Chapter 94 Introduction:
The danger and folly of persecutors. (1-11) Comfort and peace to the persecuted. (12-23)

Chapter 95 Introduction:
part. An exhortation to praise God. (1-7) A warning not to tempt Him. (7-11)

Chapter 96 Introduction:
A call to all people to praise God. (1-9) God's government and judgment. (10-13)

Chapter 97 Introduction:
The Lord Jesus reigns in power that cannot be resisted. (1-7) His care of his people, and his provision for them. (8-12)

Chapter 98 Introduction:
The glory of the Redeemer. (1-3) The joy of the Redeemer. (4-9)

Chapter 99 Introduction:
The happy government God's people are under. (1-5) Its happy administration. (6-9)

Chapter 100 Introduction:
An exhortation to praise God, and rejoice in him. - This song of praise should be considered as a prophecy, and even used as a prayer, for the coming of that time when all people shall know that the Lord he is God, and shall become his worshippers, and the sheep of his pasture. Great encouragement is given us, in worshipping God, to do it cheerfully. If, when we strayed like wandering sheep, he has brought us again to his fold, we have indeed abundant cause to bless his name. The matter of praise, and the motives to it, are very important. Know ye what God is in himself, and what he is to you. Know it; consider and apply it, then you will be more close and constant, more inward and serious, in his worship. The covenant of grace set down in the Scriptures of the Old and New Testament, with so many rich promises, to strengthen the faith of every weak believer, makes the matter of God's praise and of his people's joys so sure, that how sad soever our spirits may be when we look to ourselves, yet we shall have reason to praise the Lord when we look to his goodness and mercy, and to what he has said in his word for our comfort.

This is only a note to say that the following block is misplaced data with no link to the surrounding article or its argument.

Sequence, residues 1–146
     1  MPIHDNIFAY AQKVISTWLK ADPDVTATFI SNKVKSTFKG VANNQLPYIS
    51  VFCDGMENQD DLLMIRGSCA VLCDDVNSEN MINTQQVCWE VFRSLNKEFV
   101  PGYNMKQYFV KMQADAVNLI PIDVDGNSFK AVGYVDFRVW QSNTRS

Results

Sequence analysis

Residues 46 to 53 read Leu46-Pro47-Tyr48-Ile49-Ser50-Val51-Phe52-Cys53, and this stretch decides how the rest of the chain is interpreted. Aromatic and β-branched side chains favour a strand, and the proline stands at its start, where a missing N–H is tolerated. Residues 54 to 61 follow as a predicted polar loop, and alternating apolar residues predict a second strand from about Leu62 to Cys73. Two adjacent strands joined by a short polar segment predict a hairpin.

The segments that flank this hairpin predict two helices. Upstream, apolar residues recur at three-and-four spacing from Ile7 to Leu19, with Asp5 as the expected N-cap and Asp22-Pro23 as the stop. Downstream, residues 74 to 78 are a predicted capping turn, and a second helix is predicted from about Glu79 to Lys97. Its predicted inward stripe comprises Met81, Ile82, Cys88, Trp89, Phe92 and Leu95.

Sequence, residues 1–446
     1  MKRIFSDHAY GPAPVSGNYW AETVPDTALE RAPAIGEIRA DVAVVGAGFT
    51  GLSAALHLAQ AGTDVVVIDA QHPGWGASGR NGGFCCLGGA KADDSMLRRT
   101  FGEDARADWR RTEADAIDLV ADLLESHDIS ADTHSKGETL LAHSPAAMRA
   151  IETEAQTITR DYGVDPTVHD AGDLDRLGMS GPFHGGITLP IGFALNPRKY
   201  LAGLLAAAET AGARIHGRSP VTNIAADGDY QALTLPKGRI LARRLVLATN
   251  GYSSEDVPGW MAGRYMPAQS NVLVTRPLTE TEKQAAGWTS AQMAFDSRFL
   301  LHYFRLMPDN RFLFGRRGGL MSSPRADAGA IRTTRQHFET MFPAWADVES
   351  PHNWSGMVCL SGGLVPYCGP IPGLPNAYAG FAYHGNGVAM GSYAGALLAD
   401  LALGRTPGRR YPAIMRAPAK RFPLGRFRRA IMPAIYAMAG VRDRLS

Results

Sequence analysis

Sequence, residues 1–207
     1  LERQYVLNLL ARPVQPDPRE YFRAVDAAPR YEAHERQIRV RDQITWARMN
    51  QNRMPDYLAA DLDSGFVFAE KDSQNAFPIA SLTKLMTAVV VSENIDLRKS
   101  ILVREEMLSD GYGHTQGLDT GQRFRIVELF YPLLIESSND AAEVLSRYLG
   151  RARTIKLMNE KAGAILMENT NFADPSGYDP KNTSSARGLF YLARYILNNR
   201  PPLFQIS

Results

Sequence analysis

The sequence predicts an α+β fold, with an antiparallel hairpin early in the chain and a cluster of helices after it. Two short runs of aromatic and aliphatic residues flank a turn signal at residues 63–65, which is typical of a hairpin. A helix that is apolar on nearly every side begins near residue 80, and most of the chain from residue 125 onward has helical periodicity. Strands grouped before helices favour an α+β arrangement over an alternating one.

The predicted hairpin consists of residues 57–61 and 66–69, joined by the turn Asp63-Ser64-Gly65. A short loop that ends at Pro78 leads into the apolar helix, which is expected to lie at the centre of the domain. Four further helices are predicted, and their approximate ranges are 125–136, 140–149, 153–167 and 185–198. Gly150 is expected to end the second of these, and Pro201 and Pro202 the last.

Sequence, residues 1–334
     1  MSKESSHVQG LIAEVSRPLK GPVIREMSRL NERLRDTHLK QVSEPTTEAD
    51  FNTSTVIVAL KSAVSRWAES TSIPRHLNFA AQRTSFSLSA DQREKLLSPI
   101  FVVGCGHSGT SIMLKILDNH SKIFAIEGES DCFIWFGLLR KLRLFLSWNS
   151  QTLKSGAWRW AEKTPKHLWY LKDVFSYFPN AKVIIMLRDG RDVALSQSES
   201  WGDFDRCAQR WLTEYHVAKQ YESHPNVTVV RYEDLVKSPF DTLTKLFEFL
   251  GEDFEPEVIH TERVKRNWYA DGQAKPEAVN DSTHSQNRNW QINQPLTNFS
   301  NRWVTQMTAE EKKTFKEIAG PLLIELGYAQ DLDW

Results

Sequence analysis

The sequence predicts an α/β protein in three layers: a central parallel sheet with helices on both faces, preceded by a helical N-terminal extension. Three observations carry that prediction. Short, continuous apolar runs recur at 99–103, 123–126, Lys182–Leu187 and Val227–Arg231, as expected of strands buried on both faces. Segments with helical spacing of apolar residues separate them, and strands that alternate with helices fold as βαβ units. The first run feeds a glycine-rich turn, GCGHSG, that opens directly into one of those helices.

Chapter 101 Introduction: